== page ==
While the original line-up—Dave Allen (bass), Hugo Burnham (drums), Andy Gill (guitar), Jon King (vocals)—was last seen over twenty years ago, Gang of Four has nevertheless remained in de facto existence through the continued homage paid to its “punk-funky-jerky-something-or-other” sound (Gill produced the first Red Hot Chili Peppers LP, while Franz Ferdinand contributes to Gang of Four’s new disc). While accolades abounded, probity hardly entered the picture. With that, the four lads decided to return to happily thumb its “To Hell with _____!” attitude in the face of the mainstream. In promoting the current US leg of the tour with Radio 4 and an upcoming double-CD, Allen spoke with PopMatters about the band’s past and how it connects with the present.
PopMatters: You met Andy and Jon through an advert for a bass player. What were your first impressions of them? Why did you want to make music with them?
Dave Allen: My first impressions were not actually of them; I met Hugo first. And he reminded me of a small, punk rock Elton John! He had divey old hair and horn-rimmed glasses. And he’s a robust lil’ fellow, so he reminded me of Elton (laughs)... I don’t think there was anything about the people that made me want to make music with them; I just was young and keen and wanted to make music, period. And so it was one of those fortunate circumstances where the four of us came together, and the chemistry was right, and we made some great records.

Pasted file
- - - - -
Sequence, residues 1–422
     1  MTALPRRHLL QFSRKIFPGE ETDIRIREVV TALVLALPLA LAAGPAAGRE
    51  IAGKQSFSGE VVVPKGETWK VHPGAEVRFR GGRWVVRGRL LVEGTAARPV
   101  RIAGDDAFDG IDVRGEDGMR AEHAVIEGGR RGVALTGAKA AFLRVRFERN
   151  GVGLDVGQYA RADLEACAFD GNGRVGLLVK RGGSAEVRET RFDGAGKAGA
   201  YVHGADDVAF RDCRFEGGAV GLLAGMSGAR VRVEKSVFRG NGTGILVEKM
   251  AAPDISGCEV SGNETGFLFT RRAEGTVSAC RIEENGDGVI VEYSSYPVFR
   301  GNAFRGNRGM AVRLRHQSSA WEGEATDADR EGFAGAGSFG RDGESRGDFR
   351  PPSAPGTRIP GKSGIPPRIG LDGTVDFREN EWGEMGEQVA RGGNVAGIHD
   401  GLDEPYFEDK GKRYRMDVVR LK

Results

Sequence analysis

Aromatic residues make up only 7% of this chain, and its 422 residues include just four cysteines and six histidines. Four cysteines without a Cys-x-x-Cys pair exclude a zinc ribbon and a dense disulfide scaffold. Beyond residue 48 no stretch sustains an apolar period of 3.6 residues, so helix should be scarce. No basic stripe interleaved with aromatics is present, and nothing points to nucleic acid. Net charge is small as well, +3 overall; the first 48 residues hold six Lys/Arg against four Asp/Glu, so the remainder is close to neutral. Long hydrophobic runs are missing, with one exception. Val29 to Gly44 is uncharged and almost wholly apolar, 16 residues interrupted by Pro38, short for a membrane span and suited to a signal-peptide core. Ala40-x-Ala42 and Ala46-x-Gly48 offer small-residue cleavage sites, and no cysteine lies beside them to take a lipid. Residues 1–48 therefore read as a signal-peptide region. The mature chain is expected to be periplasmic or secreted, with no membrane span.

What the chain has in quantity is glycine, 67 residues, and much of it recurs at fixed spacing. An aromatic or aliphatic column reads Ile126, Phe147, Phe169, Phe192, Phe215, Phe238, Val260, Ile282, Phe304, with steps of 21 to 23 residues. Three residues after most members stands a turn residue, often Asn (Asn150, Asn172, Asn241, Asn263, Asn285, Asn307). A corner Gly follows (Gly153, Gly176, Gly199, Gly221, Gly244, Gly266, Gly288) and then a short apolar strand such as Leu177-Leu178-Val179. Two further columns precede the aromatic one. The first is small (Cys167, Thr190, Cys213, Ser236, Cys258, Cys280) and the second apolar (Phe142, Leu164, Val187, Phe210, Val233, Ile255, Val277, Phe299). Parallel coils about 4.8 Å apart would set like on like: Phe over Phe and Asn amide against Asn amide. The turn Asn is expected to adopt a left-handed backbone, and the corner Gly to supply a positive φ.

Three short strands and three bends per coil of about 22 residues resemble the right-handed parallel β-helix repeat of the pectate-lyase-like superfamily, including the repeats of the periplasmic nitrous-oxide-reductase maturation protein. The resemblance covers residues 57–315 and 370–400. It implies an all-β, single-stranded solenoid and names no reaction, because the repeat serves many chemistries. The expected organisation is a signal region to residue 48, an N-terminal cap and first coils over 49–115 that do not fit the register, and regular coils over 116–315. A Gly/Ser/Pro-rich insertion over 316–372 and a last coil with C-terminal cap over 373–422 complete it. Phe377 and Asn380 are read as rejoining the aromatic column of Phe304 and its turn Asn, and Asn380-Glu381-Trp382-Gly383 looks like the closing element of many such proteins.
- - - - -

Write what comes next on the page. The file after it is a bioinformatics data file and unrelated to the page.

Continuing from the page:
PM: It’s appropriate that you met Hugo first, because one of the standout qualities of [the first incarnation of] Go4 is the rhythm, the interplay between Hugo and yourself. How did you two write your parts?
DA: Actually, it was never just the pair of us, it was three of us: Andy, Hugo and myself. And Jon having some input, a little less. I think it was a collision of styles that made the songs what they were ... Andy was pretty good at conducting, if you will; he’d kinda say, “Well, why don’t you ride on the hi-hat here, or hit that tom there, see how that sounds.” He’s a producer today; I think he always had a good ear for that. I’d wait ‘til Andy and Hugo had worked out their discussion slash argument about it, and then I’d start dreaming up new bass lines.
PM: Each member brought something different to the group. What did you bring?
DA: I brought more musicality to the group cos I had been playing the longest. My approach to bass playing was inspired by Black-American music. I was the “funky” bass player, if you like. I brought a completely different feel to what became our white-boy angular funk. Punk-funky-jerky-something-or-other, as they call it! (laughs)